Fresnel lens project with my dad


by MACHO-WIMP
Tags: cracked, fresnel, fresnel lens, lens, project
MACHO-WIMP
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#1
Jan3-14, 12:26 PM
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Hello,
So my dad and I took apart our old TV that had a Fresnel lens inside. Unfortunately there is a crack near the edge due to a billiard ball accidentally being dropped on it. I was wondering how much this crack would affect the lens' ability to focus the sunlight into a point. When we tested this, it didn't work as well as it did in the video, and had trouble burning dead leaves but we think that since it is winter here in the Northern Hemisphere that might have something to do with it. Any comments or advice would be very helpful. Thanks!

PS: we were inspired by this video:
http://www.youtube.com/watch?v=jrje73EyKag
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etudiant
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Jan3-14, 08:06 PM
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Just one crack should not have much effect at all on the lens's functionality.
Your description suggests that this lens was not designed to focus light to a point, so it would not be that good at burning leaves. Still, summer noonday sun should improve the performance somewhat.
Redbelly98
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Jan4-14, 08:22 AM
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Also, no lens has the ability "to focus the sunlight into a point", mainly because the sun is not a point source to begin with. The best you can do is focus the sun onto a small area, as determined by the focal length of the lens.

MACHO-WIMP
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Jan4-14, 01:19 PM
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Fresnel lens project with my dad


Alright thanks you guys! Helped a lot.
davenn
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Jan4-14, 04:05 PM
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A fresnel lens from a TV/Monitor is used to diffuse light ( spread it out) NOT concentrate light

Dave
sophiecentaur
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Jan5-14, 10:58 AM
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Quote Quote by davenn View Post
A fresnel lens from a TV/Monitor is used to diffuse light ( spread it out) NOT concentrate light

Dave
Where would you find a fresnel lens in a TV? They are common enough in old fashioned OHPs but, as for a TV - are we talking about the lens they used to put in front of 9" tubes to make them look line 12" tubes? That would be a convex (Magnifying) lens, which should focus the Sun OK. It would probably have a focal length of 0.5m (<=2 dioptres) or so, I'd imagine. It couldn't be much shorter than that or the field of view would be too small for more than one person to watch TV.

(Apologies for trying to tell my astronomer grandma how to suck optical eggs!!)
OmCheeto
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Jan5-14, 12:44 PM
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Quote Quote by sophiecentaur View Post
Where would you find a fresnel lens in a TV? They are common enough in old fashioned OHPs but, as for a TV - are we talking about the lens they used to put in front of 9" tubes to make them look line 12" tubes? That would be a convex (Magnifying) lens, which should focus the Sun OK. It would probably have a focal length of 0.5m (<=2 dioptres) or so, I'd imagine. It couldn't be much shorter than that or the field of view would be too small for more than one person to watch TV.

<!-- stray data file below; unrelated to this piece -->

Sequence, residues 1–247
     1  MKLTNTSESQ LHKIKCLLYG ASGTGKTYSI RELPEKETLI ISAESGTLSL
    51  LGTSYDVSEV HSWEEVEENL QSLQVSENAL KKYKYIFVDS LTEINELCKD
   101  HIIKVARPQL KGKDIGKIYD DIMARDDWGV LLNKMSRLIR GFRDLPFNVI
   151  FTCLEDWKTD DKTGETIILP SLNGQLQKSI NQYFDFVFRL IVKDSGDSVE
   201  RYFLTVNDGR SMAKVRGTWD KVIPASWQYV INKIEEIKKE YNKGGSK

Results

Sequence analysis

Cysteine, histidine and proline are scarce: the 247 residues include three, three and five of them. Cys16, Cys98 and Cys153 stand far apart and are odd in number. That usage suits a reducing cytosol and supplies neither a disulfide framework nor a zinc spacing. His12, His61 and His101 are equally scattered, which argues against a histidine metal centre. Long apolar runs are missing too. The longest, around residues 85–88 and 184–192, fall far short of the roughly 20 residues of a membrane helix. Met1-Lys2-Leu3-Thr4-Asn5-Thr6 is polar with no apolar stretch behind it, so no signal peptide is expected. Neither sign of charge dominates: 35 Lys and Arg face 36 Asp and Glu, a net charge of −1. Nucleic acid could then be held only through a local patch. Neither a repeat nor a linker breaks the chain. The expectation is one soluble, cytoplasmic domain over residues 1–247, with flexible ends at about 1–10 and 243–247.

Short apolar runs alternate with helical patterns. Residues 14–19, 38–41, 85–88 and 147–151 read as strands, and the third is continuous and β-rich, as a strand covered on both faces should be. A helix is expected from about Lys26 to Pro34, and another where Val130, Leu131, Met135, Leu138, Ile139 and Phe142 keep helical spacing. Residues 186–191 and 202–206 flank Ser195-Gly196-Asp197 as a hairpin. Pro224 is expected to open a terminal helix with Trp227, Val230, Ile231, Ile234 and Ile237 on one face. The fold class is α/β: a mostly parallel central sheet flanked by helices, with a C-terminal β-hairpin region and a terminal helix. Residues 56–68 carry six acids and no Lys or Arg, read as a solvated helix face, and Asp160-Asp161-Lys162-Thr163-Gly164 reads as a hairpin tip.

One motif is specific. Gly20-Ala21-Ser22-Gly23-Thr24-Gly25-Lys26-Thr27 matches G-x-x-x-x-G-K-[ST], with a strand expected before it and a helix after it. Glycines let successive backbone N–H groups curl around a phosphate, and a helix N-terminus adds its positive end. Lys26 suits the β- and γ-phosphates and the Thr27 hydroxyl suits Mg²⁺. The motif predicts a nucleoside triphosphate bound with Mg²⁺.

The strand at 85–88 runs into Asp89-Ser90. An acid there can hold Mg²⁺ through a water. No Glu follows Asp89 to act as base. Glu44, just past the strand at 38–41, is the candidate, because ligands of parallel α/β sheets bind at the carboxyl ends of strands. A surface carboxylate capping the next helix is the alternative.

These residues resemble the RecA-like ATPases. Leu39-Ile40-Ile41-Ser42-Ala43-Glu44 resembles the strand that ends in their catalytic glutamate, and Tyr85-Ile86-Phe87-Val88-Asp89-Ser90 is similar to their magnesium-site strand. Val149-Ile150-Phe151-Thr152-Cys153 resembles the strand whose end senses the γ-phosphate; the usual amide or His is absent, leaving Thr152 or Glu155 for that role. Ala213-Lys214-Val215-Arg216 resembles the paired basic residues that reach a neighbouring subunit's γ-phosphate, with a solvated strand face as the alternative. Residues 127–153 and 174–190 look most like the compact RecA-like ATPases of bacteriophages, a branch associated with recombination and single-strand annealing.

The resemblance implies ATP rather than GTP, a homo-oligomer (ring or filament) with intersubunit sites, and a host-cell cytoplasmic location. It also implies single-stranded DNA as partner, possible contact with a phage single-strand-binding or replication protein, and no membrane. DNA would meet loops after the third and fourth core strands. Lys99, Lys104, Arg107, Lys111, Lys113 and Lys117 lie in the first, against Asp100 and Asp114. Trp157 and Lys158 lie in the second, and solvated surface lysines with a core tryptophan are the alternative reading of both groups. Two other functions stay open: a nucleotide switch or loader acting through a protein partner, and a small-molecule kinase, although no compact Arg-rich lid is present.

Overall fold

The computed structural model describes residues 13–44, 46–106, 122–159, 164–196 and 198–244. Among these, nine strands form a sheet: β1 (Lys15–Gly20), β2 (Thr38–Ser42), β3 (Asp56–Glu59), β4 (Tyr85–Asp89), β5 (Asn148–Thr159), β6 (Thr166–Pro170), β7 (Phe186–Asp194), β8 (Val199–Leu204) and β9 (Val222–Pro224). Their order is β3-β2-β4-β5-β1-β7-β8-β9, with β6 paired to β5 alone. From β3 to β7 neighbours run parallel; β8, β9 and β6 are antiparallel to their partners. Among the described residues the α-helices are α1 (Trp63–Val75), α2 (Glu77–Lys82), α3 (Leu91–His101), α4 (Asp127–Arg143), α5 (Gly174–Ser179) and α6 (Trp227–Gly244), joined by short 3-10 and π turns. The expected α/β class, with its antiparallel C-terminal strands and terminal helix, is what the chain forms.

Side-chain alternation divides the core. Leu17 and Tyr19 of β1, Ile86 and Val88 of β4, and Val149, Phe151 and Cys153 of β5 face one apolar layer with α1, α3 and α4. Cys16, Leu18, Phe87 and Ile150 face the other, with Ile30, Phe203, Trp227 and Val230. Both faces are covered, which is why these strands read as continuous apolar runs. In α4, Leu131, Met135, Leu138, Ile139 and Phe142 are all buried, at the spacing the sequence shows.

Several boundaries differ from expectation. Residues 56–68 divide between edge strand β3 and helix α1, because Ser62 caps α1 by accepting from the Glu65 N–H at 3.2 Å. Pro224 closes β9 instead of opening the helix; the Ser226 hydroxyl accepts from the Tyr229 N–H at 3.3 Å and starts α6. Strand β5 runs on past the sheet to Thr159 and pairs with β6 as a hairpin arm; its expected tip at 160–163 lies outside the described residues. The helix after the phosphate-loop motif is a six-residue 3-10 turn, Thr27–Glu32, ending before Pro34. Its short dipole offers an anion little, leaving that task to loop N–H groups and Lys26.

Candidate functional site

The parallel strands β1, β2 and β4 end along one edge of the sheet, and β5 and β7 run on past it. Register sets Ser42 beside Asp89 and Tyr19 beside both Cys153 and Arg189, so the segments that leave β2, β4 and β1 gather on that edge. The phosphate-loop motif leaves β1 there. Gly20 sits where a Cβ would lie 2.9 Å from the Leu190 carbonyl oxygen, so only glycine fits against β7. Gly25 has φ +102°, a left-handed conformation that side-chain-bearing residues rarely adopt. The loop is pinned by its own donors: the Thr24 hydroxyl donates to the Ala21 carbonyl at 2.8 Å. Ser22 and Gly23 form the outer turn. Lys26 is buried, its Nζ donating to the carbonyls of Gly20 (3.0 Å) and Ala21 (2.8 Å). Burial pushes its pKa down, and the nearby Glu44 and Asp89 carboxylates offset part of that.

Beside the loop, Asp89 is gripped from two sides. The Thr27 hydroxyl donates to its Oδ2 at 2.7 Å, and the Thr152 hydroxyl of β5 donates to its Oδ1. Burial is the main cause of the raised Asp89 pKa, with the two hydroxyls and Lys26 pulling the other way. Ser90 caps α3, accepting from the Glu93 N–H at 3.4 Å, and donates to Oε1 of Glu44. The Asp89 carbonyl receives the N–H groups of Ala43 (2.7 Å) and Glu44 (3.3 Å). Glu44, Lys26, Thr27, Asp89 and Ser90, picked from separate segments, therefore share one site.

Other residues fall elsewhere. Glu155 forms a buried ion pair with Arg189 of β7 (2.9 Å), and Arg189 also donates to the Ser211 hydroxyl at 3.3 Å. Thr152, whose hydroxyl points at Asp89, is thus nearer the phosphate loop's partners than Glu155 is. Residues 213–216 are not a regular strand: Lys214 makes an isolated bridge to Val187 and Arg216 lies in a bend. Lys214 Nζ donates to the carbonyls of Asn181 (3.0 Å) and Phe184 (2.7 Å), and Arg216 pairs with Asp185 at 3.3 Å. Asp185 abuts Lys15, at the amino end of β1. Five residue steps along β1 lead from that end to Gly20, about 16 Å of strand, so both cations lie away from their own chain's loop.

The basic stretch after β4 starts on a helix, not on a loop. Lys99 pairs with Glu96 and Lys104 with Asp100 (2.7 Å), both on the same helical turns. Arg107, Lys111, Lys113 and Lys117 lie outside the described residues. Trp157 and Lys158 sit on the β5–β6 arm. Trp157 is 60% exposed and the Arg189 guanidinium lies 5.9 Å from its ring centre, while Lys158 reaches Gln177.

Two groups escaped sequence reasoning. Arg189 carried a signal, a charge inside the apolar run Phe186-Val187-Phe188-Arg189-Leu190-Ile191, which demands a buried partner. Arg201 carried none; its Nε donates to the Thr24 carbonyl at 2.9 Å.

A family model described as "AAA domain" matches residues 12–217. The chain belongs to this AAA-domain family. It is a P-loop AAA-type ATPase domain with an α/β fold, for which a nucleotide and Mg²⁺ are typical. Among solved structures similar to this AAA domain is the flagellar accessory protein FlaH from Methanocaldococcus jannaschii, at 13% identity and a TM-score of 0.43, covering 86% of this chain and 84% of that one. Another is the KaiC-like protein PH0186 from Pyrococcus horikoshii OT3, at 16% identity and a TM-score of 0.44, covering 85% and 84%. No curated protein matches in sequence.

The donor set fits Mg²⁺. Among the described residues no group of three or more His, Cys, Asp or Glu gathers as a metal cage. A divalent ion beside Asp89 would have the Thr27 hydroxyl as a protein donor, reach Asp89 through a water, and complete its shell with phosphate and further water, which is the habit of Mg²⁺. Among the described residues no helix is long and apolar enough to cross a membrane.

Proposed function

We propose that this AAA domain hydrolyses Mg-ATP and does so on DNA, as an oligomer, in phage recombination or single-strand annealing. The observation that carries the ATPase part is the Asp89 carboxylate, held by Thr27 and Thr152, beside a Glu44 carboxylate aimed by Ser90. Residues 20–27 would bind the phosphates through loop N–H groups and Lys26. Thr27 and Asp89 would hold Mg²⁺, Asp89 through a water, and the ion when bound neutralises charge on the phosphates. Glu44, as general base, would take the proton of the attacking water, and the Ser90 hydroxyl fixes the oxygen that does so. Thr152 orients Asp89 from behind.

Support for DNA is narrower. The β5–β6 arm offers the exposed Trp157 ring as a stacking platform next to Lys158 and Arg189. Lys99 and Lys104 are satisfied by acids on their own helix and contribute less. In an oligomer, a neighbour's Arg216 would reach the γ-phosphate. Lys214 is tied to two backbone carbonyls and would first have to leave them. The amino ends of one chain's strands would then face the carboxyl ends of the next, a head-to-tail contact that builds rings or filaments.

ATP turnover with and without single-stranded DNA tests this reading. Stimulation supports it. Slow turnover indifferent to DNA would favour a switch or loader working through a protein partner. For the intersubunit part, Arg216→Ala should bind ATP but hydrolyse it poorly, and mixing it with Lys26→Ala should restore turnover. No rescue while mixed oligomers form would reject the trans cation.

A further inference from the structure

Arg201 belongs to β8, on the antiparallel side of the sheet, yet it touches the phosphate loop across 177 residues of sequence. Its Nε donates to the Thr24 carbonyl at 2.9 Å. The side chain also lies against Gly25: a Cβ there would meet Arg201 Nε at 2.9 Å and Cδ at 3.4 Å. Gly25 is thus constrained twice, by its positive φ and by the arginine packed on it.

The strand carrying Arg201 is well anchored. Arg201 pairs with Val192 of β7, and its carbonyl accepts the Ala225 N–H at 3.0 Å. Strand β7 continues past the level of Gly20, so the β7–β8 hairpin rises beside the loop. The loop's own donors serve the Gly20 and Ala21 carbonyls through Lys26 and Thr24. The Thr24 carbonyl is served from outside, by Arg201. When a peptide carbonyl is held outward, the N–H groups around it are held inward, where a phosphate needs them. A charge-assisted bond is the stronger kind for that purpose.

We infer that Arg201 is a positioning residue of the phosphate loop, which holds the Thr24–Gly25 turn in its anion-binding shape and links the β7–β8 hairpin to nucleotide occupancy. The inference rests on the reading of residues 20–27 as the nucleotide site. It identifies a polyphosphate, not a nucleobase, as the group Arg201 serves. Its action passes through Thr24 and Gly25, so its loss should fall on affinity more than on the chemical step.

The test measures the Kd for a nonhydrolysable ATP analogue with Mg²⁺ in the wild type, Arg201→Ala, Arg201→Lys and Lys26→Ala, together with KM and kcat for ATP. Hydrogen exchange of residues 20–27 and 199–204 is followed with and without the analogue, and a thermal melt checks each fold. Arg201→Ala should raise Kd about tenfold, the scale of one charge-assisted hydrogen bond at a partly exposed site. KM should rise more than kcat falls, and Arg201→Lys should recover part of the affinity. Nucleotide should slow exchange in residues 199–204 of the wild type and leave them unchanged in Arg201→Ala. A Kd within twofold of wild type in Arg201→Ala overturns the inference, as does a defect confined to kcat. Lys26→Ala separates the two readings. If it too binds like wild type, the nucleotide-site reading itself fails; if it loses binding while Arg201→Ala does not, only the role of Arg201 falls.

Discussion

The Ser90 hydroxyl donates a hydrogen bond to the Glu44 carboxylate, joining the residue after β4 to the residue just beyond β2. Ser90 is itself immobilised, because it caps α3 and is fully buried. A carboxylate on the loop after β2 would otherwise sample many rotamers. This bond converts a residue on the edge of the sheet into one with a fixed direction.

(Apologies for trying to tell my astronomer grandma how to suck optical eggs!!)
Found it!

I've never seen the insides of one of these:



At the end of the video, you see him also pull out a fairly large mirror.
I'm guessing that there is some kind of miniature TV inside that the mirror and fresnel lens focus on.

More here if you are interested: Rear-projection television

In regards to the OP's video, what he did with that gasoline was incredibly stupid. Do not try anything like that, or you may end up without a recognizable face.
davenn
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Jan5-14, 02:38 PM
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Where would you find a fresnel lens in a TV?
There's one inside every TV/ monitor that uses backlighting ... so normally LCD type
it sits behind the LCD panel and it diffuses the light from the back lights to give an even lighting across the whole screen

the backlight is usually either fluoro tubes or LEDs

don't think they are used in Plasma screens .... never pulled one apart to find out

thanks Om

yes they were also used in the rear projection TVs as your video showed
I forgot about those ones and was mainly thinking of the other use


cheers
Dave
sophiecentaur
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Jan5-14, 06:09 PM
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Ah yes; my memory deliberately edited out the rear projection generation TVs (they were so ghastly). I'm not sure about the optics but it could be a way to achieve a long focal length and big aperture in a short space (a la telephoto lens).
In the YouTube movie, the lens seems to be a little under 1 Diopter and the focussing is not too fussy. He is working in full, bright sunlight, of course.

In the LCD backlight system, I always thought it was just a lenticular screen but I didn't think about it in depth. The backlight was a number of strip lights so any lens would be cylindrical.


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